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A British postal stamp from 2008 depicting Richard III

Richard III: Biography

Image Credit: Sergey Goryachev / | Above: A British postal stamp from 2008 depicting Richard III

Richard III, portrayed by Shakespeare as a hunchback tyrant, is now famous for being the King in the car park after his remains were discovered in Leicester in 2012.

Richard was born on 2 October 1452 at Fortheringay Castle in Northamptonshire. His father was Richard Plantagenet, Duke of York, and his mother was Cecily Neville - both of whom had a claim to the throne.

His father's battle to take over the throne from Henry VI, who was often indisposed due to illness, possibly mental, was one of the main causes of the Wars of the Roses.

After his father's death at the battle of Wakefield in 1460, Richard was taken into the care of Richard Neville, Earl of Warwick, known as the 'King Maker'. Warwick was instrumental in deposing Henry VI and replacing him with Richard's eldest brother, Edward in 1461.

During the reign of his brother, Edward IV, Richard demonstrated his loyalty, as well as his prodigious skill as a military commander, and was rewarded with the title Duke of Gloucester in 1461, and the position of Governor of the North in 1469. Citizens in the north loved Richard, who was seen as just and fair as well as a good military leader.

Richard married the widowed Anne Neville, daughter of the late Earl of Warwick. They had one son, Edward Plantagenet, but he died young.

On the death of Edward IV in 1483, Richard was entrusted with the role of protector to the king's sons, his young nephews. He took them into custody at the Tower of London, where they disappeared later that year. It has been claimed that the boys were murdered by their uncle although there is nothing but circumstantial evidence to support this theory and although bones have been discovered in the Tower the bodies have never been identified. Around the time that the princes went missing Richard accepted the throne himself, after Parliament declared the two boys to be illegitimate.

Richard then charged the supporters of the young princes with treason and had them executed. They included Richard Grey and Edward V's chamberlain, Sir Thomas Vaughn.

However, this is only one theory behind the disappearance of the 'Princes in the Tower' as Richard apparently had no reason to kill them due to the fact they were illegitimate, as their father had never been married to their mother Elizabeth Woodville.

Richard was the last Plantagenet king. By the time of his last stand against the Lancastrians, he was a widower without a legitimate son. After his son's death, he had initially named his nephew, Edward, Earl of Warwick, Clarence's young son and also the nephew of Queen Anne Neville, as his heir. After Anne's death, however, Richard named John de la Pole, Earl of Lincoln, as his heir.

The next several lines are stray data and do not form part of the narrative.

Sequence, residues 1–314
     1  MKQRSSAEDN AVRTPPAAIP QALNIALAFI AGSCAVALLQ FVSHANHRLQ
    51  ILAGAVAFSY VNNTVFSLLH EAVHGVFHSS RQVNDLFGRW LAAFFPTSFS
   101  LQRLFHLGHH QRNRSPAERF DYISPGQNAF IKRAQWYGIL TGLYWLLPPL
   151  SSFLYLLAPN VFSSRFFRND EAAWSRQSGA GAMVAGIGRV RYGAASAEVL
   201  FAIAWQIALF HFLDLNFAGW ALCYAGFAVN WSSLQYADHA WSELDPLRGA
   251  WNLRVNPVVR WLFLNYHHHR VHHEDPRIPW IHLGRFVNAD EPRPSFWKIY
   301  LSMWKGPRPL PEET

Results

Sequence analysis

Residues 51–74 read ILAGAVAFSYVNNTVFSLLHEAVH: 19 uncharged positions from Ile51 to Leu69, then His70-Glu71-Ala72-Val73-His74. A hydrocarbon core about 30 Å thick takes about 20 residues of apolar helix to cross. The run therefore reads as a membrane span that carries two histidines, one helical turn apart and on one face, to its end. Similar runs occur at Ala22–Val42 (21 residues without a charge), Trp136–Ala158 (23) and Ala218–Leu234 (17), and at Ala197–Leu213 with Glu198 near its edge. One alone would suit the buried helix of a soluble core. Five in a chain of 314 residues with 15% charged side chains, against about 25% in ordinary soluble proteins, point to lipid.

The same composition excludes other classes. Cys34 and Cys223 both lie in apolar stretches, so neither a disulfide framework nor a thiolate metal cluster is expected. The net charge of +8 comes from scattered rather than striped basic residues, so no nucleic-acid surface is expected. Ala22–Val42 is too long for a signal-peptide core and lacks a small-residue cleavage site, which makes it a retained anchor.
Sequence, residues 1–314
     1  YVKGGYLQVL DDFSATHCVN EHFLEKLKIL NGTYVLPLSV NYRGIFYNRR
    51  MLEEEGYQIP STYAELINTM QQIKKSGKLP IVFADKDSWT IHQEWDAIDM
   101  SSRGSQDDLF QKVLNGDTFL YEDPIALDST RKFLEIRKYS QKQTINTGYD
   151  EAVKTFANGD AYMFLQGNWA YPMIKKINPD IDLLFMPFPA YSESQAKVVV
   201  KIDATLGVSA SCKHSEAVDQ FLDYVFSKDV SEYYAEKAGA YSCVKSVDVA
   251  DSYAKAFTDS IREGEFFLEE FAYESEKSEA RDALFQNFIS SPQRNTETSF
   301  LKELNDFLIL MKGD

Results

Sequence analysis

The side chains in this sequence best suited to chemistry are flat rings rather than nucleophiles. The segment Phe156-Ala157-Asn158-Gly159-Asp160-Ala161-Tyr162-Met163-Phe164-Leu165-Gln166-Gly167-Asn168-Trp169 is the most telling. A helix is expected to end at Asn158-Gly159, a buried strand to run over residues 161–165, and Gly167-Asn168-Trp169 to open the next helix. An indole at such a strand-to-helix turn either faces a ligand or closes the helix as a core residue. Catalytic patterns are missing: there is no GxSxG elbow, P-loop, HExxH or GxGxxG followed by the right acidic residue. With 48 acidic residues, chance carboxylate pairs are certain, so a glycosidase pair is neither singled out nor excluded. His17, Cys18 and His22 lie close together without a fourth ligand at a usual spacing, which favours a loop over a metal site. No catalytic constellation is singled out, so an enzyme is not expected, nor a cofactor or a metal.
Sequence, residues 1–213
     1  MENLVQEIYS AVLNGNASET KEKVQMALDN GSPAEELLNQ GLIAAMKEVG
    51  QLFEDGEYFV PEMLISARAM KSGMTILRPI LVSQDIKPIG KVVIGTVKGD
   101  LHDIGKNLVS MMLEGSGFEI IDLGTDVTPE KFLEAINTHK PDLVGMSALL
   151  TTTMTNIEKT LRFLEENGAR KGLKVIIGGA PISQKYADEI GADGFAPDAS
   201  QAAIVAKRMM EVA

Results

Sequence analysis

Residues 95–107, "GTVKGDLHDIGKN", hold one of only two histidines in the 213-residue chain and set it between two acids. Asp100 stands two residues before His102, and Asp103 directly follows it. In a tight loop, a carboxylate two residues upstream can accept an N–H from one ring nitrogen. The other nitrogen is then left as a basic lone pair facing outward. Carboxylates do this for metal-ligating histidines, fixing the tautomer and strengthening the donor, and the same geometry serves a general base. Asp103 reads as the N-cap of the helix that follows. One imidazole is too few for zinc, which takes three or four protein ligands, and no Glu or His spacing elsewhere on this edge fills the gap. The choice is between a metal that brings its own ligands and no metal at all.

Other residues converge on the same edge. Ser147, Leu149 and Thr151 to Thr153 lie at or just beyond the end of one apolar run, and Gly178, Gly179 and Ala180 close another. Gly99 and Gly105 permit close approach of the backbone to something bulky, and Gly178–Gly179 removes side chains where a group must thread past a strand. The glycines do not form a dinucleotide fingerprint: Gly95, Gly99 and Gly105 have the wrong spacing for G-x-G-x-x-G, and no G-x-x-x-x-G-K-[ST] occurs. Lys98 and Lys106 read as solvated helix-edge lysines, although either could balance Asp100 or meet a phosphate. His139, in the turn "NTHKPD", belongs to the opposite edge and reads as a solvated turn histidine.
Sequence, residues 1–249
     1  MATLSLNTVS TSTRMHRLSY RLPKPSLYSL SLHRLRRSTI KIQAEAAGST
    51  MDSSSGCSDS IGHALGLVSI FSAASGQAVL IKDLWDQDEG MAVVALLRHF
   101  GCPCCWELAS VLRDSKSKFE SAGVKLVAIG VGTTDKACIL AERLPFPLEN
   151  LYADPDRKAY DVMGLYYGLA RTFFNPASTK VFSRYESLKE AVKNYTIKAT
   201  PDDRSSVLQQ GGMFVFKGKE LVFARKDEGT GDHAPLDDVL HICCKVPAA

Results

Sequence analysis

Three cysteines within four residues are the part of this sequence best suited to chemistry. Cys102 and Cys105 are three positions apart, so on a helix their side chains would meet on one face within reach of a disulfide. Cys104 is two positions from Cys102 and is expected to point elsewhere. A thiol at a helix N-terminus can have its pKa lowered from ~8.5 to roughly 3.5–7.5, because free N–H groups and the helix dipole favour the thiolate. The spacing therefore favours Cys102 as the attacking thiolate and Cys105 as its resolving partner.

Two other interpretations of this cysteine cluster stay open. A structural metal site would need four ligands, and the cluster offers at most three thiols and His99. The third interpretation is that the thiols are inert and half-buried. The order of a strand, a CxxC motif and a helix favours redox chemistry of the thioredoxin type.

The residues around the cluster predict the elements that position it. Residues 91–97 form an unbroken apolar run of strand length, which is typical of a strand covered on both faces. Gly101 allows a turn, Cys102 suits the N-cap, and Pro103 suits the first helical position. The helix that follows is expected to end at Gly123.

In 1483, a rebellion started to arise among disaffected gentry, many of whom had been supporters of Edward IV as they believed his son should be king, in particular Henry Stafford, 2nd Duke of Buckingham.

His enemies united against him and persuaded Henry Tudor - who only had a claim to the throne through his mother - to return to England to become king.

Richard was killed at the Battle of Bosworth Field on 22 August 1485, by Lancastrian forces led by Henry Tudor. He is the last English king to have died in battle.

One of the most popular depictions of Richard III is that of a hunchback with a withered arm and limp, which are most likely to be fabrications of William Shakespeare in his eponymous play and the result of Tudor propaganda.

Arguably the best-known adaptation of the play is the 1955 version directed by Sir Laurence Olivier who also starred in the main role.

On 4 February 2013, the Universtity of Leicester confirmed that remains unearthed under a car park in Leicester in 2012 were those of Richard III, the last Plantagenet King of England. This historical discovery proved that Richard suffered from severe scoliosis of the spine and so may have had one shoulder visibly higher than another, but neither of his arms were deformed and there is no evidence that he would have limped.

The recovery of his skull made it possible for scientists to create a facial reconstruction of Richard III.

Richard died from a mortal wound to the back of his head sustained on the battlefield. It was announced that his remains will be re-interred in Leicester Cathedral in 2014.